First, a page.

There’s so much racial division in America. Now granted, most of it is media driven. I have long maintained that America is only as racist as the media tells us it is. Sadly, too many people listen to only the mainstream media.
Certainly, there is some element of racism in America, but just like trans violence, Asian violence, and homophobia, it’s simply not like it’s portrayed to us.
I believe most people realize this. I think a large segment of the country, if asked would agree. Sadly, it isn’t that segment of our population controlling social media and the lamestream media.
Ask Lil Wayne. Ever heard of him? I imagine most readers have. Lil Wayne will set you straight on racism in America, and he doesn’t care about being cancelled.
Recently the white police officer that changed Wayne’s life by saving it passed, and Wayne had some thoughts. Let’s go to People for the sad details:
Lil Wayne is mourning the death of a New Orleans police officer who saved his life when he was just 12 years old.
The “Lollipop” rapper, 39, shared a photo to Instagram on Monday paying tribute to Robert “Uncle Bob” Hoobler, who he has previously said saved his life after a childhood suicide attempt.
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“Everything happens for a reason. I was dying when I met u at this very spot. U refused to let me die,” he captioned the post. “Everything that doesn’t happen, doesn’t happen for a reason. That reason being you and faith. RIP uncle Bob. Aunt Kathie been waiting for u. I’ll love & miss u both and live for us all.”
Racism is a culture taught by a few heartless people. Humanity will always rule. RIP Uncle Bob https://t.co/5EpaizHoeu
— Benjamin Antwi (@nanaGhazy) July 25, 2022
But wait, aren’t police officers’ racists? Aren’t they hunting black people? Someone get LeBron James on the phone NOW!
No, the truth is most police are good people trying to do their jobs and go home to their families. Some are real heroes. To Lil Wayne, Uncle Bob was a real hero.
Lil Wayne, who grew up in New Orleans, has previously praised Hoobler for coming to his rescue after the 1994 shooting at his mother’s apartment.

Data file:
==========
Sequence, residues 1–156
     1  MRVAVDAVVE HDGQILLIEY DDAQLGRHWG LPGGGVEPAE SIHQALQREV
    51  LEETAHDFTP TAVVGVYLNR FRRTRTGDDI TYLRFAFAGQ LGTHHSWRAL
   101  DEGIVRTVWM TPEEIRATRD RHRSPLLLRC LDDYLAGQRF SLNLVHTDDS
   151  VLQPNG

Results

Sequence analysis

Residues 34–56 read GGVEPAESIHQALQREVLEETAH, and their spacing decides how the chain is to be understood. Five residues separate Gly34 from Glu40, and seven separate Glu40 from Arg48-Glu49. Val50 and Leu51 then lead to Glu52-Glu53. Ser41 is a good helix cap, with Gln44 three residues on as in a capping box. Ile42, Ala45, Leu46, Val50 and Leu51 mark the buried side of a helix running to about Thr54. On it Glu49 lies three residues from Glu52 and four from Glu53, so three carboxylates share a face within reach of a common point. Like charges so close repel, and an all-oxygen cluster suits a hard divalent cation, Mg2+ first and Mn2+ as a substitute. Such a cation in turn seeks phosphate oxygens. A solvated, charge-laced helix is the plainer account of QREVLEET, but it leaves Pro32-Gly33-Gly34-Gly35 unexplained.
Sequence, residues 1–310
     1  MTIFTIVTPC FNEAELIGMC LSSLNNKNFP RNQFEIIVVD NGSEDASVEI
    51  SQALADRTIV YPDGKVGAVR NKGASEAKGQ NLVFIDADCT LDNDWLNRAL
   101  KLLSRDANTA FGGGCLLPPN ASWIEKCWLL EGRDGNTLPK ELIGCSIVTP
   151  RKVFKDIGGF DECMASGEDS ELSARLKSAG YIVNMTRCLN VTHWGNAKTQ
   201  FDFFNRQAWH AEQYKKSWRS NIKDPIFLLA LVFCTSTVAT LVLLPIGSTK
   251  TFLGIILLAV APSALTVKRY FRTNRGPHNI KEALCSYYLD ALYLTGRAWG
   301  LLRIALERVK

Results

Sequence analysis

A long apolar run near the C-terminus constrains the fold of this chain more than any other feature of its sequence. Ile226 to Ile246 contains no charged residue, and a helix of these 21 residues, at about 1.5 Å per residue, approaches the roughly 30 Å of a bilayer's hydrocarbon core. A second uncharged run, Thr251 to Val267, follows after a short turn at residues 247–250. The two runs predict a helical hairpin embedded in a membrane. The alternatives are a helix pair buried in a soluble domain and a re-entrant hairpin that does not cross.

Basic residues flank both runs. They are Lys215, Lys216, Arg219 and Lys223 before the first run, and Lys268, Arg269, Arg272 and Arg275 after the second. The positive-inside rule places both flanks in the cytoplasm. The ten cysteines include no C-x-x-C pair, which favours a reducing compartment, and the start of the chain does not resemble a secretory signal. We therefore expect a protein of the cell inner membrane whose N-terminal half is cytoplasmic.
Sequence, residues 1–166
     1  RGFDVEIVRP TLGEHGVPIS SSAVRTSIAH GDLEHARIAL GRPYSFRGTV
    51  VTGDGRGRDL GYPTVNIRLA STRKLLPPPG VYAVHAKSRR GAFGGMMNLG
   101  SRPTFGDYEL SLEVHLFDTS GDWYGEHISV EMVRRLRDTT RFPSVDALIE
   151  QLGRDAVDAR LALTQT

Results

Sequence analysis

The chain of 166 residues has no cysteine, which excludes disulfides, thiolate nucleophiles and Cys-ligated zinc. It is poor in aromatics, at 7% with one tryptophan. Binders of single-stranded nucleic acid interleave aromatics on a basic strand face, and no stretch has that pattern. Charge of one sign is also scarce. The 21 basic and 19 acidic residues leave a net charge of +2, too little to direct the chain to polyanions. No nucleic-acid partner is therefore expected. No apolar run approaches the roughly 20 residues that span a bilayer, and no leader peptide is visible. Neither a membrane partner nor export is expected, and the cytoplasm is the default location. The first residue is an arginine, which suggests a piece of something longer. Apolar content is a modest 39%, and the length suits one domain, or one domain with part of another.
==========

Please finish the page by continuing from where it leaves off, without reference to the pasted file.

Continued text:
Though off duty at the time, Hoobler drove to the scene alongside five other officers after a dispatch call was made about a disturbance, according to Nola.com.
With no ambulance available, Hoobler reportedly carried the future star to the back of his cop car and took him the emergency room, telling him, “Stay awake, son. You’re going to be fine. You’ll see.”
RIP Uncle Bob 😪 pic.twitter.com/bJmQE32uys https://t.co/0Y4PvlpEb0
— ✨👑 DaddyMO👑✨🏁 (@therealdaddymo1) July 25, 2022
Lil Wayne was just a skinny 14-year-old black kid in a bad part of town with a gunshot wound to the chest. He had tried to kill himself, and a real racist cop would’ve let him just bleed out.
Not uncle Bob. Not that day. Wayne would go on to recount the story of the white cop that saved him and refused to let him go.
“He didn’t drop me off at the ambulance and say, ‘You take him.’ He brought me to the hospital room and… stood there and waited until the doctor said, ‘He’s gonna make it,'” the rapper said. “He said, ‘Don’t worry, my name’s Uncle Bob.’ He was white as snow… I don’t know what racism is. I know a good motherf—r named Uncle Bob, though.”
An absolutely astounding story. A good white cop, a troubled black youth on the verge of death, and the good guy does what good guys are supposed to do. He saved him. Off duty, in his own car.
Let’s take a minute to think about this, and honor Uncle Bob. That day, he was the best of what all of us hope to be, and Lil Wayne never forgot.